Archive for the ‘Etymology of Words’ Category

cent & kate (11) Originally uploaded by centkate. Sincerely. Sincere is derived from the Latin -Sine Cera- which means, -without wax-. Also meaning, honest [as in an honest intention] and without wax regarding the closing of a letter/note. But also regarding people’s behaviour about being genuine and uncorrupted. *thanks James Post scriptum: This post reminded […]


1. The word warrior is to war as what word is to jihad? Answer: A person who makes war is a warrior, whereas a person who undertakes jihad – which means “struggle” in Arabic – is a mujahid; several of them are called mujahidin. 2. How many baskets are there in a Dodekathronon? Answer: The […]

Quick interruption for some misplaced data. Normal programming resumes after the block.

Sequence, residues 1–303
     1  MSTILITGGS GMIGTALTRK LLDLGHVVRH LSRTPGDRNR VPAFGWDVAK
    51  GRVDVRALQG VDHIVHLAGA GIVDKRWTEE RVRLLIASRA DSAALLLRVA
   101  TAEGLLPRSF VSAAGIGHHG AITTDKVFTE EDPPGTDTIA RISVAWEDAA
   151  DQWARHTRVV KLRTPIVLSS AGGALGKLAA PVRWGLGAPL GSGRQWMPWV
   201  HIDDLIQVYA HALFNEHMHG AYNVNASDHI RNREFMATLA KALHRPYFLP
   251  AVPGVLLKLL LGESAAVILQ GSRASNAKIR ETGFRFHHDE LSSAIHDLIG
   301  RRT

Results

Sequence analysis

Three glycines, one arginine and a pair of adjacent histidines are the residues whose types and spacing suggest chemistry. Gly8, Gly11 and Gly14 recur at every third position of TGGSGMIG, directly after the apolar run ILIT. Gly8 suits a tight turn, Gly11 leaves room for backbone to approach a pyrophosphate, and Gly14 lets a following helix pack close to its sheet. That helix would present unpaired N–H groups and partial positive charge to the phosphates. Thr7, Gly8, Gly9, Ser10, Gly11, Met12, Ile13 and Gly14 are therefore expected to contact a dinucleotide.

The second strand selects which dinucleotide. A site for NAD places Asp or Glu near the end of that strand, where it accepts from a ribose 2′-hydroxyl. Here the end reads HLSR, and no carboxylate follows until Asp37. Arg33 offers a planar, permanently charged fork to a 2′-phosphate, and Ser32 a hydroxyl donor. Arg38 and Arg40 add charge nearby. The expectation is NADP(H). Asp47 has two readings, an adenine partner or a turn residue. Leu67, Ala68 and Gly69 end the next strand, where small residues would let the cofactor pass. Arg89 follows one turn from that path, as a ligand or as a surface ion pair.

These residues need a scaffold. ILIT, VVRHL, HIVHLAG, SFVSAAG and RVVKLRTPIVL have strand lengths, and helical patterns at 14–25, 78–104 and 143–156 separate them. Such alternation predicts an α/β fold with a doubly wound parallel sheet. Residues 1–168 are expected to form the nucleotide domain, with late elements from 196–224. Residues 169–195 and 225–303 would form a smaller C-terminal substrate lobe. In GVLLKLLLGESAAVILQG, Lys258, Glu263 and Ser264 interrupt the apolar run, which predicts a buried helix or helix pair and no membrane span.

Labor (n.) c.1300, “exertion of the body,” from O.Fr. labour (Fr. labeur), from L. laborem (nom. labor) “toil, pain, exertion, fatigue, work,” perhaps originally “tottering under a burden,” related to labere “to totter.” The verb is c.1300, from M.Fr. labourer, from L. laborare, from labor. The verb in modern Fr., Sp., Port. means “to plow;” […]


Emmy “statuette awarded by the American Academy of Television Arts and Sciences,” 1949, said to be an alteration of Immy, from image. Etymoline Post Scriptum :: For the etymology lovers, here is an awesome game: Moot